Magazine article Information Today

The Challenge of Being Google

Magazine article Information Today

The Challenge of Being Google

Article excerpt

It must be challenging to be Google these days. On one hand, it is a huge and very successful company. In barely 15 years, Google has gone from a tech startup founded by a couple of graduate students to being one of the most dominant forces in the information industry. Its market capitalization is more than a quarter of a trillion (that's "T" as in trillion) dollars, making it bigger than tech-pioneer Microsoft. Google is ranked No. 73 on the 2012 Fortune 500, as measured by its annual revenue, amid long-established names including DuPont, Deere, and Philip Morris International.

In its core search business, Google commands a 67% market share for search engine use in the U.S. and around the world, according to a recent survey. It has also expanded its technology portfolio well beyond its original search engine services to develop widely used products and services such as the Android smartphone platform, as well as consumer apps and services that include Gmail, Google Earth, Picasa, Google Translate, and the Google Chrome web browser. The company plays a role in content creation and hosting information services such as Google Scholar and the Google Books project, along with its ownership of YouTube. Purchasing Motorola Mobility, LLC and developing the Chromebook computer have also brought Google into the hardware business. Finally, it has also been moving into enterprise- and cloud-computing arenas through its Google Apps services and Google Search Appliance.

'Don't Be Evil'

Yet not a week goes by without a headline appearing in the media about legal complaints, investigations, or settlements of investigations against Google. For a company that started with the motto, "Don't be evil," Google seems to be making a lot of people mad.

Google's most recent annual report indicated that more than 87% of its annual gross revenue (about $43 billion of just a bit more than $50 billion in total revenues) comes from the sale of advertising on its search and other platforms. (This is actually down from recent years when about 97% of its revenue came from advertising.) The company relies heavily on advertising and has been very aggressive about expanding not only the amount and placement of its advertising, but its sophistication as well. Sophistication is involved in Google's ability to relate targeted advertising in response to searches, emails, and various other services.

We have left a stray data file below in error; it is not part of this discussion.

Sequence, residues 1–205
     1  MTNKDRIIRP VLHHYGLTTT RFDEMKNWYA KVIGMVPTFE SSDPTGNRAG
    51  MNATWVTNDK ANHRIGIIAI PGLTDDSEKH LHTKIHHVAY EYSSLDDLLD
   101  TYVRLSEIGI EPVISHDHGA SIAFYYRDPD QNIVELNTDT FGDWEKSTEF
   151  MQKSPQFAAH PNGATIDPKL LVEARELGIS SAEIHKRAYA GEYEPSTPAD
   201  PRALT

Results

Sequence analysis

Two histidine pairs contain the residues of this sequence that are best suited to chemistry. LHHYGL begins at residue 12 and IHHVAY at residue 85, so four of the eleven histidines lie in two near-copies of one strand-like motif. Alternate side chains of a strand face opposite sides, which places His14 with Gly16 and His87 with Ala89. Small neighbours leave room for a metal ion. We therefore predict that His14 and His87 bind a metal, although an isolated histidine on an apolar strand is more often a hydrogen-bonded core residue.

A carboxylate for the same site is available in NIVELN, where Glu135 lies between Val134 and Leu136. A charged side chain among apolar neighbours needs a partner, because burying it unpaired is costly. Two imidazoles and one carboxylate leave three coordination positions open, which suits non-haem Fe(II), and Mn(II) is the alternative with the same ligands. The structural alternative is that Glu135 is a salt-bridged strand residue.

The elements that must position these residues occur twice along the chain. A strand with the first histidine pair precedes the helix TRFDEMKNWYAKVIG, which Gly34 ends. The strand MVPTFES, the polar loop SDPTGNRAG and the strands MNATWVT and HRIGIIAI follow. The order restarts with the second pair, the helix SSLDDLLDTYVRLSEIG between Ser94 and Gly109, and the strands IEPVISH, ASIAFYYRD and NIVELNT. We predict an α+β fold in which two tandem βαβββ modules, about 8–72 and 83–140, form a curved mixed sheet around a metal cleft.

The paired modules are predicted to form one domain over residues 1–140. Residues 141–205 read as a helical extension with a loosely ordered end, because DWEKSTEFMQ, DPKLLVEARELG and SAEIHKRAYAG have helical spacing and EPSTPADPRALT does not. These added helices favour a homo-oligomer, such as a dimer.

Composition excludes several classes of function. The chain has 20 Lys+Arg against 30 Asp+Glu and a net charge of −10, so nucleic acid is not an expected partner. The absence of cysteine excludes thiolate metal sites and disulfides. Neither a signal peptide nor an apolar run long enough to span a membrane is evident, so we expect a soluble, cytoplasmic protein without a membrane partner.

Complaints and Advertising

It is this connection between advertising (and advertisers) and Google's services that drives many of the complaints and investigations against Google. Chief among the complaints and resulting investigations is that Google favors companies that advertise with it through premium placement in the search results and through favorable (and, allegedly, restrictive) advertising contracts. Google also developed or obtained its own content, and as that happened, similar complaints arose that the company presented search results that favored its own content over competing content. While favoring yourself or your customer over competitors and noncustomers is not necessarily unlawful, when it is done with deceptive intent, or in a way that restricts competition, it may violate antitrust laws.

On Jan. 3, 2013, the Federal Trade Commission (FTC) closed an investigation of Google's search practices, finding that Google's Universal Search was not illegal (see news breaks.infotoday.com/NewsBreaks/ Google-Reaches-Settlements-WithFTC-Over-Search-Patent-Practices-87097. asp). …

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